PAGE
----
Article claiming that the National Cancer Institute “admits marijuana kills cancer” is inaccurate and unsupported
The claim that the NCI “admitted” to marijuana killing cancer cells is false, as the NCI did not do so. The article’s interpretation of a men’s health study that purportedly supports its claim is also flawed and leads the author to an incorrect conclusion. Scientific evidence to support claims of a cannabis cancer cure in humans is currently lacking.
Unsupported: The article cites a large-scale study in men which found a correlation between cannabis use and lower likelihood of bladder cancer to suggest that “cannabis can potentially kill cancer.” However interesting this association is, correlation alone does not imply causation.
Inaccurate: The article reports that the National Cancer Institute (NCI) in the United States “admits that marijuana kills cancer”. This is not true - the NCI fact sheet clearly states that the use of marijuana in cancer patients is limited to “treatment of cancer-related side effects”, and that cannabis has not been approved for use in anti-cancer treatment.
This article published by USA Health Times claims in its headline that a “cancer institute finally admits marijuana kills cancer”. The institute it refers to is revealed to be the US National Cancer Institute (NCI), which the article says released a report on their website stating that “marijuana kills cancer”. A similar claim has also been made in Healthy Food House.
The article correctly states that marijuana (also known as cannabis) is used to alleviate various symptoms in cancer – which is supported by the NCI PDQ Summary on cannabis and cannabinoids – and other illnesses. However, it is also clear from the NCI summary that cannabis is not approved “as a treatment for cancer or any other medical condition”, therefore the article’s primary claim is incorrect.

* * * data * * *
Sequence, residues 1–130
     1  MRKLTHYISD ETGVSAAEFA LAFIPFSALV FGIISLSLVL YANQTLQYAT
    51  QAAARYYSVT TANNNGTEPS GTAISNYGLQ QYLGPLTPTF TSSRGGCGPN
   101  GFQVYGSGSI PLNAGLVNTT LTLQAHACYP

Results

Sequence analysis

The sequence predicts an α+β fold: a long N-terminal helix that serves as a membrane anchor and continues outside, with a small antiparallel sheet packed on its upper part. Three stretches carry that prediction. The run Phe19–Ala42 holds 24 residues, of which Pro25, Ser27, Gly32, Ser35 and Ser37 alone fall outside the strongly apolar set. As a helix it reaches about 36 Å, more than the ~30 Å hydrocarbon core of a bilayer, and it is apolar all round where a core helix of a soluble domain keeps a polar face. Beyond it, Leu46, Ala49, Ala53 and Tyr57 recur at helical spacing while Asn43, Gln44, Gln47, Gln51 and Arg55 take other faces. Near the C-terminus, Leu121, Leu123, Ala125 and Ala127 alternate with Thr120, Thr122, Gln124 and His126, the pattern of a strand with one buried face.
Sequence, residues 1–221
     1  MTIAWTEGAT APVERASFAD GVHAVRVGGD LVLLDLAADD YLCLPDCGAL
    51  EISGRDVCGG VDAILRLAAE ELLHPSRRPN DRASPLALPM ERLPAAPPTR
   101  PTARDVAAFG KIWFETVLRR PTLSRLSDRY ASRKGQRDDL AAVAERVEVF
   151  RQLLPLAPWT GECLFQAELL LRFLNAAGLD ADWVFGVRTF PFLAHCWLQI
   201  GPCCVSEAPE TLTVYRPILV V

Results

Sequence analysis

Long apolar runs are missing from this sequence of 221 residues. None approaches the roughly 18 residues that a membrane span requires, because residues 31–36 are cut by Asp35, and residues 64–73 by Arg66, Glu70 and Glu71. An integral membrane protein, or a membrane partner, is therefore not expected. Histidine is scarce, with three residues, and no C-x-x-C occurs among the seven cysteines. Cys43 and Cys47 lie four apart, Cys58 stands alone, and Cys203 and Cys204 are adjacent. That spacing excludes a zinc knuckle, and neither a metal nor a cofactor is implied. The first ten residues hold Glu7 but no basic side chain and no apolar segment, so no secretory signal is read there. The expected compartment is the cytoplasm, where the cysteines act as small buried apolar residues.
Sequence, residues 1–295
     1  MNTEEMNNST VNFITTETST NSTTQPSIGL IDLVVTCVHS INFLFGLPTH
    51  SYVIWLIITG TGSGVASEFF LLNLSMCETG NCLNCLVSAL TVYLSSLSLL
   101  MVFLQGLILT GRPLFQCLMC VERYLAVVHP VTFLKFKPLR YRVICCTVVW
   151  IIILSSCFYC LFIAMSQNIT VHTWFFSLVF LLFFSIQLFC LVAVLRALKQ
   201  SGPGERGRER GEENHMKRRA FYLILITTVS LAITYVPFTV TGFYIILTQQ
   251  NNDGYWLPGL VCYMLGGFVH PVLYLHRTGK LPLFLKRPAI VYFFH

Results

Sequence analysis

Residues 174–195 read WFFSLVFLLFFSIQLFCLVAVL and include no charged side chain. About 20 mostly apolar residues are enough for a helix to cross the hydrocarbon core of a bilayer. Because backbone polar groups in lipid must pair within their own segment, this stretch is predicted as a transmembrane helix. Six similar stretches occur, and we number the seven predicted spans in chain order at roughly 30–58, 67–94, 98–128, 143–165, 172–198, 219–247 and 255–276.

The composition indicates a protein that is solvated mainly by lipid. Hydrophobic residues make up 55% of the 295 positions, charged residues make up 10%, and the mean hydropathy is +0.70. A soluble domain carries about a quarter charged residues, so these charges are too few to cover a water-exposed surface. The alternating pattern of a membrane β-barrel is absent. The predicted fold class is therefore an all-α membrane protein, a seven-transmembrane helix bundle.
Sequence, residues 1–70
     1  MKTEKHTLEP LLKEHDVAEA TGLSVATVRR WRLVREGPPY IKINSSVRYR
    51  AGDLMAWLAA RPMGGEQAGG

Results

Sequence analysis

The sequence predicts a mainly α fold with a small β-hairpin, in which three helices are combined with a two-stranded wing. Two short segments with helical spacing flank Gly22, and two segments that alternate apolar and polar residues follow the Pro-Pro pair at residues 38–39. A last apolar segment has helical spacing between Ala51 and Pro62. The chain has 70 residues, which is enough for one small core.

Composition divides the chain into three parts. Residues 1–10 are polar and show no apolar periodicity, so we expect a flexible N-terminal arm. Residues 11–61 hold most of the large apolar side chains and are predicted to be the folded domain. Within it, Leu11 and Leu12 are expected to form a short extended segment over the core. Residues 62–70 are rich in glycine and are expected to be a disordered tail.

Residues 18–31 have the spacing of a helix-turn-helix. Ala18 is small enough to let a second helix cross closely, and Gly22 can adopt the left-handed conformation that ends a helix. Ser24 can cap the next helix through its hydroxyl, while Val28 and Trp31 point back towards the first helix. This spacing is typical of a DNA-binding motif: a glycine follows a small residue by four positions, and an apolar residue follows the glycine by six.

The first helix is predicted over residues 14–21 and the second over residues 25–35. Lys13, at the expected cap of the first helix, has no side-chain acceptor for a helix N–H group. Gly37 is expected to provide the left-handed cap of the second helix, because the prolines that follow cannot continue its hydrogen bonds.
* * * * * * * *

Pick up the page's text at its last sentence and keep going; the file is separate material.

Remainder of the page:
The article also cites “a men’s health study” as scientific support for the claim that “cannabis can potentially kill cancer”. In this study, the researchers found that cannabis use was correlated with a lower risk of bladder cancer. While the article describes the study correctly for the most part, it overstates the significance of the findings, as the study itself points out that it did not establish a cause-and-effect relationship. It is important to keep in mind that changes in two variables which are correlated with one another may not necessarily be the result of a cause-and-effect relationship, but due to other issues, such as bias, random chance and confounding factors. It is important to keep in mind that correlation alone does not imply causation (the website Spurious Correlations has compiled several graphs that demonstrate how correlations can be found between various factors that are, in reality, unlikely to affect one another, such as the divorce rate in Maine and per capita consumption of margarine).
This does not mean that observational studies such as the one cited by the article have no value, but that such studies on their own cannot support the claim of a causative relationship and require other types of studies to substantiate such a claim. In general, a causative association in biology is established using prospective interventional studies, as seen in randomized clinical trials, because this would allow researchers to minimize the effects of confounding factors and potential bias.
We previously reviewed in detail a claim about the apparent curative effects of cannabis in cancer, which can be found here. Scientists who reviewed that claim explained that chemical compounds found in cannabis have been shown in in vitro and animal studies to have anti-cancer effects. However, clinical trials designed to examine anti-cancer activity in humans have not demonstrated a significant effect.
One of the reviewers, Professor Donald Abrams summed it up with this statement: